As this year’s Pride Board sets up for Winnipeg’s milestone event, it is faced with a similar conundrum Winnipeg is facing itself. How big are we? Is Pride Winnipeg a ‘big’ city event and if so, how big an event should we be? How do we manage the growth of the last two years? Pride is not a progressively developed event in the way other city festivals – Fringe Fest, Folk Fest, Jazz Fest, grew in the last decade. Perhaps because all these events charge admission, while Pride has not implemented fees to be part of the celebration. But don’t worry, Pride is not going there in 2012.
In 2009, the Forks Corporation invited Pride (then known as the Winnipeg Lesbian and Gay Pride Festival Inc.) to celebrate Pride Day 2010 at the Forks. This was huge! It gave Pride Winnipeg ‘big’ event status and even though it broke routine in several ways, it was exciting and justifying to celebrate at the Forks – the meeting place of all Winnipeggers and a space to morph into a ‘bigger’ city event.
Until 2009, Pride followed a routine pattern, with the Parade starting at the Legislative grounds, following the rectangle around downtown, and ending at Memorial Park. The stage, business tent and toilets were all in the usual place. Pride knows Winnipeggers like consistency and routine. Participants knew where to park and where to find their friends, just as they had every year. As a committee, Pride had the planning down, and Pride was an annual good time.
Prior to 2010, the only real source of income for Pride was the dance party. The Rendez-Vous, in particular and arguably the most memorable of Pride events, was the pinnacle money source for Pride for many years. Until 2010, the dance party’s profits were unknown until the last moment of the final event. Hopefully, they would cover the year’s expenses, and just maybe, some extra to start the next year. Noteworthy, to the common question – Why is the Pride party on Sunday? Answer: Pride always supported the opportunity for the bars to profit from one of the biggest nights of the year, Pride Saturday. Out of respect for their financial stability, Pride holds the dance party on Sunday night, to close out Pride week. You already know the date for 2012: June 3 – if you need to, book Monday off now.
Clearly, one of the challenges brought by the growth of Pride is financial. Financial backing is definitely not a given and requires negotiation and relationship building, a special talent, from a special kind of volunteer. Pride is benefiting from sponsors who have embraced us, not just as a market, but as true proponents of diversity changes for safe workplaces and dedicated supporters of the queer community.
The operating budget from 2009, approximately $10000, grew to approximately $100000 in 2010. A 1000% increase. In 2010, Pride stepped out of the uncertain money shadow of the dance party and discovered sponsorship, supporting big name talent on the Forks Stage. It also brought income from the long awaited beer tent and the introduction of Queer Beer, made by Winnipeg’s own Half Pints Brewery. In 2011, in preparation for our 25th Pride, spending was cut back but still produced one of the biggest and best Pride Days ever.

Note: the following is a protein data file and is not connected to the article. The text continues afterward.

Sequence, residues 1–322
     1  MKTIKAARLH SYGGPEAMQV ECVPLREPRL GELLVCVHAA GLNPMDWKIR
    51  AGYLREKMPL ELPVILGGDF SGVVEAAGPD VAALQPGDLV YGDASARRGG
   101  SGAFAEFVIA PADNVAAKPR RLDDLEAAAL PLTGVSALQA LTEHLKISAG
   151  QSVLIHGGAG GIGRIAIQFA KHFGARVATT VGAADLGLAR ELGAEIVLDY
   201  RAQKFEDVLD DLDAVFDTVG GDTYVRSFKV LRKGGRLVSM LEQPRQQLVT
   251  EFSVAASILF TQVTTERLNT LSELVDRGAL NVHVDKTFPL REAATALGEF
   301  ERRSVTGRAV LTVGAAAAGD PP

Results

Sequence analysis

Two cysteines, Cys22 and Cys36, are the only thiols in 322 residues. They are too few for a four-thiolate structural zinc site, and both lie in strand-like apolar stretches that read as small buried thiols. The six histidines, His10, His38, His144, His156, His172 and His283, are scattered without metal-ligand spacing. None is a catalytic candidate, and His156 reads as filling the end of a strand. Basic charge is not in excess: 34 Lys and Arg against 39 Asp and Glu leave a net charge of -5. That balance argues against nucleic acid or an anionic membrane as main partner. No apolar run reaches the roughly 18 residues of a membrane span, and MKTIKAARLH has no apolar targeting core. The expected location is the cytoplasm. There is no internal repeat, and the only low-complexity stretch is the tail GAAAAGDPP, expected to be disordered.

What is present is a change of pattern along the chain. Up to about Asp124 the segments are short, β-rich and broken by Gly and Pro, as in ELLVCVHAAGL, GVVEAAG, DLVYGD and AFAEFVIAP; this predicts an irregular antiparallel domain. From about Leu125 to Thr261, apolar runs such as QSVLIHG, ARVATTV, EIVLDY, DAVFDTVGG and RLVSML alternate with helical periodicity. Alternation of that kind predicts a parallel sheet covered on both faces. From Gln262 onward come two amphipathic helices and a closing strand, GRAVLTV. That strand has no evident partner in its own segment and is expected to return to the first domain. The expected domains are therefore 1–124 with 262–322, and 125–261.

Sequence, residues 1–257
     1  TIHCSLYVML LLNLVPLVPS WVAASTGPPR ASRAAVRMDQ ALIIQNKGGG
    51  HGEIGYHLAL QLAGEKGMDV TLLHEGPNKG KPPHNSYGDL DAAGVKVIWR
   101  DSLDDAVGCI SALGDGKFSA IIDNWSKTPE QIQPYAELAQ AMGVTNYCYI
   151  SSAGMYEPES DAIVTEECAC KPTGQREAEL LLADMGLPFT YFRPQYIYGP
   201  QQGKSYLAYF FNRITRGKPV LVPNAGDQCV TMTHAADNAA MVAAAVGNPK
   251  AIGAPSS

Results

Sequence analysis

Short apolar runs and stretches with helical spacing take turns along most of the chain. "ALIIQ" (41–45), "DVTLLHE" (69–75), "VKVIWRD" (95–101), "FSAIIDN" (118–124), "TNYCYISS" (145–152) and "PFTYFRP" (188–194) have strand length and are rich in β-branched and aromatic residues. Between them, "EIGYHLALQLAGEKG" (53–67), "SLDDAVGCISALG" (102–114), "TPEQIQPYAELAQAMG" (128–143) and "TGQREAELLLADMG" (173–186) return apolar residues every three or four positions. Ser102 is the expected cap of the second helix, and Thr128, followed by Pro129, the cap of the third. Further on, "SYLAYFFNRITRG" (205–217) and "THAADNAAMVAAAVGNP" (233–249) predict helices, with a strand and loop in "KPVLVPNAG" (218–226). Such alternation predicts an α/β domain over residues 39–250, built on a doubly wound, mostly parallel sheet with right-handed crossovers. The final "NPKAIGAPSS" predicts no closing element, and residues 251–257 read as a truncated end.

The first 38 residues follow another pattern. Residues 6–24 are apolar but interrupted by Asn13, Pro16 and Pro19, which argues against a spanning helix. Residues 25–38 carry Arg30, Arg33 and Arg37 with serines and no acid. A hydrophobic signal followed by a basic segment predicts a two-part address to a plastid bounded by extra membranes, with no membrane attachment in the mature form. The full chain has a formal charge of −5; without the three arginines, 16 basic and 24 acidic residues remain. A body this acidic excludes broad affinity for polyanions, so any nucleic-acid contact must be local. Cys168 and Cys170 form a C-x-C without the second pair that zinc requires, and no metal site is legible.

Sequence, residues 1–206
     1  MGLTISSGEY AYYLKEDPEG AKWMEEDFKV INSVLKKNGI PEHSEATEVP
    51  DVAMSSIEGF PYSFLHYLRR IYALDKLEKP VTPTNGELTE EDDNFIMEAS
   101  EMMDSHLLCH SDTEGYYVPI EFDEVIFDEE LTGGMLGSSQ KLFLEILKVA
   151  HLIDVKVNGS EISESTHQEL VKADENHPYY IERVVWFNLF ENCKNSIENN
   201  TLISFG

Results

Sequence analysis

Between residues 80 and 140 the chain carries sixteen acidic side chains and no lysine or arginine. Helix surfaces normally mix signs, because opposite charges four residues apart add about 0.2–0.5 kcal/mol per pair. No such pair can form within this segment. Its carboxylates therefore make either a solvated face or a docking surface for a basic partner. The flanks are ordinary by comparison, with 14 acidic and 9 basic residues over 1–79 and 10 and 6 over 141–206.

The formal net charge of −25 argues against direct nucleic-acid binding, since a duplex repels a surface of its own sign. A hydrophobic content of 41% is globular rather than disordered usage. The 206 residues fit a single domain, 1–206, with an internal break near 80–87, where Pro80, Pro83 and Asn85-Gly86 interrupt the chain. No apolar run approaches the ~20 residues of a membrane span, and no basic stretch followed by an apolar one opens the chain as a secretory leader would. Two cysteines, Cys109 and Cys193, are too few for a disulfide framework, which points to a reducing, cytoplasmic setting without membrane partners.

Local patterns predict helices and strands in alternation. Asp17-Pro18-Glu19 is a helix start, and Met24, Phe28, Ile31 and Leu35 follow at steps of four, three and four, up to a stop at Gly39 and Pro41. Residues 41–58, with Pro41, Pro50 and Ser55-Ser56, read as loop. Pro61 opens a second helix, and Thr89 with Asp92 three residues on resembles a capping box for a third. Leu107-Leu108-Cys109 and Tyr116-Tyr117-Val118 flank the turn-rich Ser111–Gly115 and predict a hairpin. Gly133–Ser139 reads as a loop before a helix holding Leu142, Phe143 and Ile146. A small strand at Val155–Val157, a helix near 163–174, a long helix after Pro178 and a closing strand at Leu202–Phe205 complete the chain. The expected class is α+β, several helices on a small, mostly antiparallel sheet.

To date, Pride has not received money from any level of government, although it is a prime desire of future funding and a strong indication of societal support. Locally, working relationships and contributions from city departments and council are essential to plan the mass movement of Parade participants through downtown Winnipeg, crossing major routes safely into the Forks. To benefit from all levels of government resources, Pride needs grant writing expertise and approved accounting and auditing practices.
But money for Pride is not the greatest challenge.
The biggest challenge of rapid growth for Pride is Human Resources. Pride’s organizational chart requires professionals – graphic designers, communication experts, financial gurus, and marketing specialists to operate effectively. Lawyers, accountants and business people are keys to accommodating expansion and ensure the wellness and future of Pride. Many people bring their talents as committed volunteers. And, we need volunteers on other levels. Pride Guide distribution, hospitality, tourism coordinators are needed to ensure the important details come together during Pride week. On Pride Day, the volunteer core of parade marshals, ground crews and beer tent servers, all led by an exceptional Volunteer Director are essential for a safe and fun experience.
‘Big’ city Pride is possible in Winnipeg. One day we may graduate to having an Executive Director and every year Pride’s direction will progress with new ideas and opportunities. For now, volunteers are the primary component in the production of ‘big’ city Pride and they are truly great people.
It’s a great year! This is the 25th year of our Winnipeg queer history, and most importantly, Pride honours the contributors of our past achievements while continuing progress in human rights for all. Get involved and share in the incredible excitement and ownership of bringing the biggest gathering of queer and diverse people between Vancouver and Toronto to our city – The Pride of the Prairies.
(Originally published in Outwords Magazine – October Issue)